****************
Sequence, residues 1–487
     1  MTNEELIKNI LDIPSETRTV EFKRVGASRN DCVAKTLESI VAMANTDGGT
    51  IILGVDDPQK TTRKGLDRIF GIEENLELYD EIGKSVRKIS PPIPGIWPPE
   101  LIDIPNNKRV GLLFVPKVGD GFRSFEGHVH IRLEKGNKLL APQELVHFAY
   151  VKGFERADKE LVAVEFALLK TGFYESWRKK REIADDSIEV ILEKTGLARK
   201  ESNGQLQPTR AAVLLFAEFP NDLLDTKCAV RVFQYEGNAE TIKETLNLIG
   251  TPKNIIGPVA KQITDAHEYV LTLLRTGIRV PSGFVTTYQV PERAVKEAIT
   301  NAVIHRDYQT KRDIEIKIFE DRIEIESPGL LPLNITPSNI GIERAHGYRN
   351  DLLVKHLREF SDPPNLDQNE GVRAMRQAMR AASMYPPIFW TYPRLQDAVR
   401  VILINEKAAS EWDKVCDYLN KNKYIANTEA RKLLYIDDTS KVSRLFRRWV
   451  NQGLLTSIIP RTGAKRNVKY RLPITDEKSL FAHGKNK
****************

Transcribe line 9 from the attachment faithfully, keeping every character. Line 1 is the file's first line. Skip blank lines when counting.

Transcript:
   351  DLLVKHLREF SDPPNLDQNE GVRAMRQAMR AASMYPPIFW TYPRLQDAVR